So, let me guess what you’ve been doing when you prepare to speak: You crack open your laptop, create a new Word document, and you begin writing a magnum opus. You choose every word carefully, spending quite a bit of time creating pages of brilliant, gorgeous prose that will become your talk. Am I close? Probably. Is there a problem with that? Typically, yes.

All too often, what writes and reads as perfection to your eyes isn’t equally speakable as perfection for your mouth. All too often, well-written talks will sound like what they are … essays. And all too often, you, the speaker, will find yourself so committed to your beautiful words, sentences and paragraphs that you either 1) read from the paper, eyes down, and lose connection with your audience; or 2) you try to balance reading with audience connection and you end up flustered because you lose your place or leave something out when you look up.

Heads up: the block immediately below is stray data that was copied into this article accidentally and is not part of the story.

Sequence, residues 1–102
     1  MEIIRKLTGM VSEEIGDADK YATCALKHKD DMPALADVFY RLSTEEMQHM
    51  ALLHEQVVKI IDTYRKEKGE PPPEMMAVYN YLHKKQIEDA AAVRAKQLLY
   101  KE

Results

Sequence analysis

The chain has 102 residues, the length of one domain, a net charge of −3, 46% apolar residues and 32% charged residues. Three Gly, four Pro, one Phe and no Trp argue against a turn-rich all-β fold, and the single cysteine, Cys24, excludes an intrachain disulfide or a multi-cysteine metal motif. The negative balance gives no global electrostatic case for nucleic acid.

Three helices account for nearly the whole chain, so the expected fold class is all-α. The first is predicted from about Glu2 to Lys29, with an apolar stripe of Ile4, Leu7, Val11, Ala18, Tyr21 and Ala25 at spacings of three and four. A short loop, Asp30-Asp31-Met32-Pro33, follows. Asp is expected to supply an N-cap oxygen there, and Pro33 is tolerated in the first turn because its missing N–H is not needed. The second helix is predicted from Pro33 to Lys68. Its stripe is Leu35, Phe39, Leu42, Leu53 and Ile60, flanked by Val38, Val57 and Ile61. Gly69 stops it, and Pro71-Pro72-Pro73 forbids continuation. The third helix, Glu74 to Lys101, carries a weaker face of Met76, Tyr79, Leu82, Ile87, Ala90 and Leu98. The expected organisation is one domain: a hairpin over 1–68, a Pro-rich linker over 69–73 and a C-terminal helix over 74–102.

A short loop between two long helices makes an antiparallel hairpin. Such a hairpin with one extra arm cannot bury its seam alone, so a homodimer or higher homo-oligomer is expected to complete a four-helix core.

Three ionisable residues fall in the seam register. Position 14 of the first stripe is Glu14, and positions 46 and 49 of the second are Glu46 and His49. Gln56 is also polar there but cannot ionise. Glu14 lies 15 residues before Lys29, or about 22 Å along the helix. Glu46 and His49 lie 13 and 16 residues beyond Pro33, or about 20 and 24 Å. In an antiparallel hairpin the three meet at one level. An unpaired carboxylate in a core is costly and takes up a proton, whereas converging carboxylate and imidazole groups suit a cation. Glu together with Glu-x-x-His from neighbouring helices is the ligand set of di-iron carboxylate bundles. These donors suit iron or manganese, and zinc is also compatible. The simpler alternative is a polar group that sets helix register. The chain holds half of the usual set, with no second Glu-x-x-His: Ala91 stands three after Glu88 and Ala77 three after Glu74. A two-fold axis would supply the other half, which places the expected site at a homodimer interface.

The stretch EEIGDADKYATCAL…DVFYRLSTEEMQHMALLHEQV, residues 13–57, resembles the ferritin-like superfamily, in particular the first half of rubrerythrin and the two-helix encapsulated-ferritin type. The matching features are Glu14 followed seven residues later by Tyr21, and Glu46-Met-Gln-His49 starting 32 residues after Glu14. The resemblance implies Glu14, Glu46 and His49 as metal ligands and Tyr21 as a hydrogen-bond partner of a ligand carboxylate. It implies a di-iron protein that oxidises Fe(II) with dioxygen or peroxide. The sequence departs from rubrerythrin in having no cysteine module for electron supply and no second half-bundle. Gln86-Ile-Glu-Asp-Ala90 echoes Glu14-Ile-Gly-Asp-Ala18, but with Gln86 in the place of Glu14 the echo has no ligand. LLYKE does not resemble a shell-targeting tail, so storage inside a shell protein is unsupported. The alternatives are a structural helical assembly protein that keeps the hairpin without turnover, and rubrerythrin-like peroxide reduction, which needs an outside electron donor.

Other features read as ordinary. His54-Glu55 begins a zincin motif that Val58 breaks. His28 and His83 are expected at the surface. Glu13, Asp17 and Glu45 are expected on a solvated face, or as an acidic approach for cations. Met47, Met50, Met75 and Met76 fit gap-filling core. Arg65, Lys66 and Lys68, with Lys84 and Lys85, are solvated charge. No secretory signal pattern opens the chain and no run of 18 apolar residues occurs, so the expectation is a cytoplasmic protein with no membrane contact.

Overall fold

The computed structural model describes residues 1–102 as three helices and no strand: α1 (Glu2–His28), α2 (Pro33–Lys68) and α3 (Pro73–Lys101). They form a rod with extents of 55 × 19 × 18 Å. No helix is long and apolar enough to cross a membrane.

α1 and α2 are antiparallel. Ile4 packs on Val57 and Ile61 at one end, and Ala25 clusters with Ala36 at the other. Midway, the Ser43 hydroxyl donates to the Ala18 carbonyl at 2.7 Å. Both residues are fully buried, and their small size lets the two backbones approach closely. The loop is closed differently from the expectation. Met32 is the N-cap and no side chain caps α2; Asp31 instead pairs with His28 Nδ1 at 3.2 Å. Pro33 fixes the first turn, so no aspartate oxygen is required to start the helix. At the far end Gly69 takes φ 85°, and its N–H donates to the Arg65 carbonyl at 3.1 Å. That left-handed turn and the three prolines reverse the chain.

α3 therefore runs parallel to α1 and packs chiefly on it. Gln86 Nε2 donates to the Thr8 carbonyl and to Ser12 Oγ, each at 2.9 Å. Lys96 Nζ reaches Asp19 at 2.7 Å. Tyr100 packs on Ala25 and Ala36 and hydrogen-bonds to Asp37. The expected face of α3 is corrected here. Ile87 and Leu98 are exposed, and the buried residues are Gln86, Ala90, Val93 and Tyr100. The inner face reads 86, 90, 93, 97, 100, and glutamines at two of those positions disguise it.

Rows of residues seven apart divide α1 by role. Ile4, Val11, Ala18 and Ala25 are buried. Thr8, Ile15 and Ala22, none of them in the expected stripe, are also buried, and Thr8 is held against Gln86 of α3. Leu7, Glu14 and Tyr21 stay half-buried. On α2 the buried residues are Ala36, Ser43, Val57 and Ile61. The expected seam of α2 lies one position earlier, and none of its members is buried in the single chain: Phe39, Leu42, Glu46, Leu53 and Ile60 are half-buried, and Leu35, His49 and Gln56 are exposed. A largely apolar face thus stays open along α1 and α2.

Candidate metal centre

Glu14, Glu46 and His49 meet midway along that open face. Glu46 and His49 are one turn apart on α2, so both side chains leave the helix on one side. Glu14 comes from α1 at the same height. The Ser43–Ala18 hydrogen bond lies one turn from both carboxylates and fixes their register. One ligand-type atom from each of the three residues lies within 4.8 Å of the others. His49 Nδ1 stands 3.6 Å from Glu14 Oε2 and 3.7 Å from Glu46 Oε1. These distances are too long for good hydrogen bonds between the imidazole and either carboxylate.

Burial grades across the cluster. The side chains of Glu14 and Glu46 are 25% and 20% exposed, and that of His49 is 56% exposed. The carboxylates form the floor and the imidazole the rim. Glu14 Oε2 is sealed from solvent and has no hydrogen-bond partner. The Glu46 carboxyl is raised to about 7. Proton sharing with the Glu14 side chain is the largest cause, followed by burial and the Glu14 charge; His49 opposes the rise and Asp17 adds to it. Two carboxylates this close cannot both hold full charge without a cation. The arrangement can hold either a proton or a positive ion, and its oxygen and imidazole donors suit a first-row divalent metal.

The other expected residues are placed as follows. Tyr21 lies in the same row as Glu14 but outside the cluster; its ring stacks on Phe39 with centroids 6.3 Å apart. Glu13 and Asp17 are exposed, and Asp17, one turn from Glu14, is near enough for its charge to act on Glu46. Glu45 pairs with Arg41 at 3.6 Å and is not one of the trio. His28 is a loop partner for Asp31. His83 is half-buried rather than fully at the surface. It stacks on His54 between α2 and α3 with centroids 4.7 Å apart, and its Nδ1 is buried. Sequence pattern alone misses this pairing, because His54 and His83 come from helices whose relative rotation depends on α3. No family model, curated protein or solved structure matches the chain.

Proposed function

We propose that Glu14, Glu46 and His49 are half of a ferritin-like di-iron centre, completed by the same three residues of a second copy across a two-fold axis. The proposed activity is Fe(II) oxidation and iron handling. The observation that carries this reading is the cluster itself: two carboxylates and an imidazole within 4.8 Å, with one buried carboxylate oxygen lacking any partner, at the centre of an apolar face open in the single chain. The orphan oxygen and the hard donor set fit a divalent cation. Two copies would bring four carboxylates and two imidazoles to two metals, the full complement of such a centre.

What to do then when you prepare to speak? Crack open that laptop, but talk while you type. Test yourself by reading out loud what you wrote to make sure the sentences are deliverable versus just readable. Hint: if they’re deliverable, they’re usually short and crisp, without a lot of clauses and punctuation. Try bullet points, and trust yourself to fill in around those well-chosen points while you’re speaking.

However, if you are someone who absolutely has to have a full-text speech in front of them, then make sure you give yourself a hall pass if you end up deviating from your beautiful script; you are unlikely to deliver exactly what you wrote. Even folks with bullet points deviate. Deviating is okay, because it’s usually a sign that you are staying present with your audience. And the audience is, after all, what it’s all about!

Beth Levine

Beth Levine

Communications Coach at SmartMouth Communications
SmartMouth Founder and Principal Beth Noymer Levine is a Communications Coach who is emerging as one of the country’s leading voices on how to prepare and deliver speeches and presentations that actually work for both the audience and the speaker.
Beth Levine

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